"America is a wonderful place. I love my country, and I love living there. I love my passport. But also it's a country that almost since its beginning, it was supposed to be a place where people were escaping intolerance. It became a country that was really intolerant of different minorities and skin colors," Venus said.
"My dad grew up in Louisiana, a place where he was called 'boy' and shown no respect. Where he couldn't say anything. His mother was a poor sharecropper," she said. "So I think it's amazing that America has the opportunity to have someone who is a minority of mixed race or whatever you want to call it. Hopefully, it will just give more people opportunities and more people will work hard and say, 'Yeah, I can be my best, too, no matter what my background is'."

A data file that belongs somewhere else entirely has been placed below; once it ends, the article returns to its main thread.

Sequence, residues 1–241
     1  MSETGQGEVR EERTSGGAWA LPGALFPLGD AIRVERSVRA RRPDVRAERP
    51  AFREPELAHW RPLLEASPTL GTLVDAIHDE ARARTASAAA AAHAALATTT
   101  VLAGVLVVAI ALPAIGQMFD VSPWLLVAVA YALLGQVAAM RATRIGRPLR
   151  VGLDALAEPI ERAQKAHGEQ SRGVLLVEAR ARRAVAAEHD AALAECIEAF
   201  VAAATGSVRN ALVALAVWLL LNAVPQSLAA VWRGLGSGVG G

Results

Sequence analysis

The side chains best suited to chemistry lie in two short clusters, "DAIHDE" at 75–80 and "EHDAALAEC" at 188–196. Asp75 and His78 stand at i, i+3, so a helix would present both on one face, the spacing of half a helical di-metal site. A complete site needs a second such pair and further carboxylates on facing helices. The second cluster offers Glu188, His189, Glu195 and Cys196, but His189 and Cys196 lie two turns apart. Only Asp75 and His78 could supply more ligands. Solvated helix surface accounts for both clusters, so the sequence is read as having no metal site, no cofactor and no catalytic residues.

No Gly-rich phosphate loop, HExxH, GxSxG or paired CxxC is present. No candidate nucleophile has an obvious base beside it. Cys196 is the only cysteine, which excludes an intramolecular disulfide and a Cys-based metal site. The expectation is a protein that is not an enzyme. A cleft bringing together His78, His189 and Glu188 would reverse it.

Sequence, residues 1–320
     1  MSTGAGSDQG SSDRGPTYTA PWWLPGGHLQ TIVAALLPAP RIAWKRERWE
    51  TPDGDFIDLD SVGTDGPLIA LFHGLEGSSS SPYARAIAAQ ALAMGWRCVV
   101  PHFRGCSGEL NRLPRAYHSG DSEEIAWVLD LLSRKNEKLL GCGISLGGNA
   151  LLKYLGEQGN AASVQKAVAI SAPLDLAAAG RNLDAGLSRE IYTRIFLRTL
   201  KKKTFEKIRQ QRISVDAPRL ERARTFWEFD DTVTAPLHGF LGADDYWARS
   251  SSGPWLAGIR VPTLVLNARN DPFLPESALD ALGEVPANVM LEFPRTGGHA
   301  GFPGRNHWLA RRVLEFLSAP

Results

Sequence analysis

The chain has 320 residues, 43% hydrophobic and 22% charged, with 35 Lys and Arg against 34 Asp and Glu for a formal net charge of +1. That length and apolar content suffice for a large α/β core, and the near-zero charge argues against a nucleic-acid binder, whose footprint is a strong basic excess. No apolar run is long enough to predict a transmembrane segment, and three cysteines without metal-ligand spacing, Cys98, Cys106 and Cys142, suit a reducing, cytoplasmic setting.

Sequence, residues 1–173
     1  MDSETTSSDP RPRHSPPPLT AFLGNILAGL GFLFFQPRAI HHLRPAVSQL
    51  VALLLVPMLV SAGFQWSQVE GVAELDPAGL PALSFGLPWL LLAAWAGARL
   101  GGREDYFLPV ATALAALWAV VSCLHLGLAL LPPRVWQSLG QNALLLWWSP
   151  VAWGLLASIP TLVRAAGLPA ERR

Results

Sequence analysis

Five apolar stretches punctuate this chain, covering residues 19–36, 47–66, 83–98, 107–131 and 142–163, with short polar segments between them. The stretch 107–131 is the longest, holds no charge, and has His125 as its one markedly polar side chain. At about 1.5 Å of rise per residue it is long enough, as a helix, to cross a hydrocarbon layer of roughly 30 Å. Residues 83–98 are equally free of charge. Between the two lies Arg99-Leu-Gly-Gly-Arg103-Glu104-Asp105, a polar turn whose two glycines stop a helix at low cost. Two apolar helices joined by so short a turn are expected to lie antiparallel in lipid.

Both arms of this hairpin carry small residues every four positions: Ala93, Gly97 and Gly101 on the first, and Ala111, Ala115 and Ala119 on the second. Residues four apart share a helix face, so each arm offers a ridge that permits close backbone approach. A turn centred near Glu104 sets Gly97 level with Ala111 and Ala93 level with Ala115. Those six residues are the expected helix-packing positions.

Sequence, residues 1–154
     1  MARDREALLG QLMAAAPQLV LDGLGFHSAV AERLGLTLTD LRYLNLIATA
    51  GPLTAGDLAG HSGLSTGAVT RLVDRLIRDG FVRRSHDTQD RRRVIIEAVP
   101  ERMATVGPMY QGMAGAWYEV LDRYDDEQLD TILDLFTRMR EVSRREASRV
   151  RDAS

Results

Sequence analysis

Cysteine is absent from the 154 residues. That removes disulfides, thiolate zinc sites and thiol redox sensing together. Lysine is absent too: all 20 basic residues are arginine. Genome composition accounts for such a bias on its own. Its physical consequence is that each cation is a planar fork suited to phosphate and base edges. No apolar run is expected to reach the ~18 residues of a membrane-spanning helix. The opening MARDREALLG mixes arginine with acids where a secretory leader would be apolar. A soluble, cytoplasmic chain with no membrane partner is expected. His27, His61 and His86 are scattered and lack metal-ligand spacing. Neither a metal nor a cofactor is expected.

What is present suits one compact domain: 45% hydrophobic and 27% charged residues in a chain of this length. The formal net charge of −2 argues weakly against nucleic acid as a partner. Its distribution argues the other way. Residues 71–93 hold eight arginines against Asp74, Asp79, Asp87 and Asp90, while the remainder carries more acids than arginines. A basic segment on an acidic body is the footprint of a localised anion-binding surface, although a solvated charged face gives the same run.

Serena saw it the same way. "It's just everything that I think African Americans have been through, I mean even 40 years ago, even 30 years ago, and even today still. It's just a great time to be black right now in the United States," she said. "Everyone's proud."
Serena said she was almost speechless to think of the Obama family in the White House. "I got choked up. I was just thinking about everything - Martin Luther King and Malcolm X and all the pioneers … Althea Gibson, why I'm playing tennis today. All of these people. Arthur Ashe, who led the way for us … it's amazing, she said.